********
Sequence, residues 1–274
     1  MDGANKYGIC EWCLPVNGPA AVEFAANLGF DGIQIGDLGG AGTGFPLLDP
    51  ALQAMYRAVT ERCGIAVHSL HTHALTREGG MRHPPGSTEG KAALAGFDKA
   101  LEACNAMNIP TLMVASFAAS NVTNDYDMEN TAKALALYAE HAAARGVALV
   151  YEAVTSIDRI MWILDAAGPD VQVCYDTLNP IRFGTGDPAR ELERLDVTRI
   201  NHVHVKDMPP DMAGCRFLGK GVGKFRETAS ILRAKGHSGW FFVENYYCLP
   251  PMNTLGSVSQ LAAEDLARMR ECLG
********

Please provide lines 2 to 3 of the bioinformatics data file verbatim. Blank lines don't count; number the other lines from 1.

     1  MDGANKYGIC EWCLPVNGPA AVEFAANLGF DGIQIGDLGG AGTGFPLLDP
    51  ALQAMYRAVT ERCGIAVHSL HTHALTREGG MRHPPGSTEG KAALAGFDKA